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Researcher adds glass microfluidics into lab-on-a-chip

Posted: 08 Jul 2013 ?? ?Print Version ?Bookmark and Share

Keywords:lab-on-a-chip? glass? polydimethylsiloxane? microfluidic?

Most lab-on-a-chip devices are formed from polydimethylsiloxane (PDMS), an inexpensive plastic that is easy to pattern with microfluidic elements. Valves, in particular, take advantage of the plastic's elasticitysimply applying or releasing pressure can close or open a channel in the device, controlling fluid flow. The use of plastic, however, has some disadvantages that could be remedied by using glass. Unfortunately, glass chips have proved difficult to fabricate due to their fragility. Yo Tanaka from the RIKEN Quantitative Biology Centre has developed a reliable and durable system for incorporating glass microfluidics into lab-on-a-chip devices.

Plastics have several disadvantages, including degradation when exposed to reactive chemicals and a tendency to adsorb sample molecules before they can be analysed. They can also interfere with analysis techniques that rely on shining a light through the device due to their imperfect transparency. Glass is an attractive alternative because it is chemically resistant, transparent and can withstand higher fluid pressures than PDMS. Producing flexible and durable glass valves, however, has proved difficult.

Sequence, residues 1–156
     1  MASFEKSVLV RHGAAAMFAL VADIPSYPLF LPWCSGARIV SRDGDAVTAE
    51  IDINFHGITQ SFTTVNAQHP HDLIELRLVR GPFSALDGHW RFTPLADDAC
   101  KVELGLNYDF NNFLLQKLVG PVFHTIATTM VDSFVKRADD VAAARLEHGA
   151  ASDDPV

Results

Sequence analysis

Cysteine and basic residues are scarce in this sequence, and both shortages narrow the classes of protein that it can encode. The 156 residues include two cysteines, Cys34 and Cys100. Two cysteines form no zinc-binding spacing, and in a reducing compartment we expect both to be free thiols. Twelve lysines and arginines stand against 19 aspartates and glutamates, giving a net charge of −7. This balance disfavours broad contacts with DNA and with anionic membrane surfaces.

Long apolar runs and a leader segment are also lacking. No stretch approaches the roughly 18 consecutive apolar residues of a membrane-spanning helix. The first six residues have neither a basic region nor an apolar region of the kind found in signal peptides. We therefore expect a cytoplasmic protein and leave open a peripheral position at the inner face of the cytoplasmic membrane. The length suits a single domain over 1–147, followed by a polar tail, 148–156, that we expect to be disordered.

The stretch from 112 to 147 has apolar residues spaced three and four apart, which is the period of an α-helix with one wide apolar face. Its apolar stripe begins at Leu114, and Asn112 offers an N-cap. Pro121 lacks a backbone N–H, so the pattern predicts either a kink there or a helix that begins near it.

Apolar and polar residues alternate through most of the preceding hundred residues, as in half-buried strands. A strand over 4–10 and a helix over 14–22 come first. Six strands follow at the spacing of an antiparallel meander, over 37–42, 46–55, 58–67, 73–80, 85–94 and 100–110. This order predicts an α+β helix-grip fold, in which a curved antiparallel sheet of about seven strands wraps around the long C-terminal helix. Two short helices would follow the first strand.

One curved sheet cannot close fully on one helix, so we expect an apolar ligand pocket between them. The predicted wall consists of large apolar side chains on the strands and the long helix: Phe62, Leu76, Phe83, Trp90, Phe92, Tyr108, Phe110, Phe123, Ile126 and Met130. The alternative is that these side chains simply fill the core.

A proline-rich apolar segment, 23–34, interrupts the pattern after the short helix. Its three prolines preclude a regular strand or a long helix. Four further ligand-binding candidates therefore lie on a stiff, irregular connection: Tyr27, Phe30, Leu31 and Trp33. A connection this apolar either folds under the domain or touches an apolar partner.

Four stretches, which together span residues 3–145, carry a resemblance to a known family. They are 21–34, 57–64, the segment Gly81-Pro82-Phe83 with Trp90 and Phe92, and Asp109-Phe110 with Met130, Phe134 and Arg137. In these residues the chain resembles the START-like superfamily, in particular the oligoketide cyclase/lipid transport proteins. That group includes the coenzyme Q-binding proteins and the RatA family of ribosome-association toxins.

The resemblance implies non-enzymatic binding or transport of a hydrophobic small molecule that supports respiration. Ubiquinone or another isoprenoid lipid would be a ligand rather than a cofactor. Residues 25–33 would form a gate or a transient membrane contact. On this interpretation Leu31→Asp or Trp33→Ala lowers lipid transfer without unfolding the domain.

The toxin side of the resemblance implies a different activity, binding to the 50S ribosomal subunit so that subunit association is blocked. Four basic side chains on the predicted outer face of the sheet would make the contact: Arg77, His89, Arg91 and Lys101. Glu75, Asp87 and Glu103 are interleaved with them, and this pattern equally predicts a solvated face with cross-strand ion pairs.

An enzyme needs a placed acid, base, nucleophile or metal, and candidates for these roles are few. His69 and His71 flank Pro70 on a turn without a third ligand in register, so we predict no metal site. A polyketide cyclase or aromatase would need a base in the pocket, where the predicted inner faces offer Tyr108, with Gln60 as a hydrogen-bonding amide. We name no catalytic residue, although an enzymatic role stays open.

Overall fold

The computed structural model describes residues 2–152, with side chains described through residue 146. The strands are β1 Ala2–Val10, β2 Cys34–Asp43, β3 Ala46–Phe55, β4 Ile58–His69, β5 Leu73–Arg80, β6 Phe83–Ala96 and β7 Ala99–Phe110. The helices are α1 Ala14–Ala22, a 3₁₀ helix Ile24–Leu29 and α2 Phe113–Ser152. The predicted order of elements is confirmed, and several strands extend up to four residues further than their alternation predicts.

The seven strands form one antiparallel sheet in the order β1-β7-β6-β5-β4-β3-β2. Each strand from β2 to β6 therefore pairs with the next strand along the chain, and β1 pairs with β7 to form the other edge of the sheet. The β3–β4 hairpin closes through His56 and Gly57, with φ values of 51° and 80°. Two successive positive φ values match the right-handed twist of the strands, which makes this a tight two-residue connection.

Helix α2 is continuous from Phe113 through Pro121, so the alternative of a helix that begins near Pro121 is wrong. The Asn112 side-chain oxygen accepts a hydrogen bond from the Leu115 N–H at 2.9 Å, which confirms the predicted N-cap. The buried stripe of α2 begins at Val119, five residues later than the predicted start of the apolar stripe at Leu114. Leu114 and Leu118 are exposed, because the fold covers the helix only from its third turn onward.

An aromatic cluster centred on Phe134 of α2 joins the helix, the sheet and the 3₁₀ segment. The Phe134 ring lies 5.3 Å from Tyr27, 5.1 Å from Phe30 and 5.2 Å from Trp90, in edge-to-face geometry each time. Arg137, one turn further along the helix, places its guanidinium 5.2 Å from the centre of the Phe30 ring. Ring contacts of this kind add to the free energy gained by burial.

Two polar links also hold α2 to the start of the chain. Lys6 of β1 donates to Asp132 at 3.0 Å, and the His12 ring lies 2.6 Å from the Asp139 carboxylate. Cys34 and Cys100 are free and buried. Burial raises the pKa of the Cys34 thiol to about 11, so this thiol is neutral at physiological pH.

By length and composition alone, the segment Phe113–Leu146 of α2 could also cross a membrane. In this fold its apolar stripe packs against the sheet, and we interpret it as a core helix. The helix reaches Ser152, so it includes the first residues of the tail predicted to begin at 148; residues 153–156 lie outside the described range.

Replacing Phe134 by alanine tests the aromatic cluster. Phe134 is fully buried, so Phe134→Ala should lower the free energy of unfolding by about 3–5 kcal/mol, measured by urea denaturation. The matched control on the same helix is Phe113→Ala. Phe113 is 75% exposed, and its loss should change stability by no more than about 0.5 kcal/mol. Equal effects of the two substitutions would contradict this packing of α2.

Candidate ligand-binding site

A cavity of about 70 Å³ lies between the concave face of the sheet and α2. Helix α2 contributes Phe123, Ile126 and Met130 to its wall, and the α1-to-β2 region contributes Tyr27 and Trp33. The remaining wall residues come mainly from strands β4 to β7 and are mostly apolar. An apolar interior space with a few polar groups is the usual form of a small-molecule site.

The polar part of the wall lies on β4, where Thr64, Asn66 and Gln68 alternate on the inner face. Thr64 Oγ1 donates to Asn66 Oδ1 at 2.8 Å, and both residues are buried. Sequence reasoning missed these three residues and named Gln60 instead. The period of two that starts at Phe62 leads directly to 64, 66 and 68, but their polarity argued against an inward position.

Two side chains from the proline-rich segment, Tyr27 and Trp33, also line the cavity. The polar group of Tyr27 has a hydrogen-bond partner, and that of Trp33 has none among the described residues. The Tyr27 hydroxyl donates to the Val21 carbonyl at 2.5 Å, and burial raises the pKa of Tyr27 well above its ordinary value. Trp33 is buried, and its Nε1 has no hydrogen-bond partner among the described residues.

To allow glass to be used in these devices, Tanaka developed a Teflon frame to hold an ultrathin sheet of glass so that it could be handled without breaking and incorporated the frame into an all-glass lab-on-a-chip.

An all-glass lab-on-a-chip

Figure 1: An all-glass lab-on-a-chip. Source: The Royal Society of Chemistry.

Next, Tanaka used hydrogen fluoride to etch channels and chambers into a pair of glass slides, and covered these chambers with ultrathin glass sheets in a way that allowed fluid to be prevented from passing through the chamber by simply pressing down on the glass cover. He then fused the glass sheets together by heating them at 750C.

After trying various thicknesses of ultrathin glass sheets, Tanaka found that a 10?m-thick glass film was ideal: strong enough to withstand more than 100 depressions yet able to deform by up to 126?menough to completely close the valve. Tests using water containing small fluorescent polystyrene beads demonstrated that closing the valve using this method blocked fluid flow within 0.12s.

Tanaka now plans to develop his all-glass device for applications such as highly sensitive biochemical analyses and cell studies.

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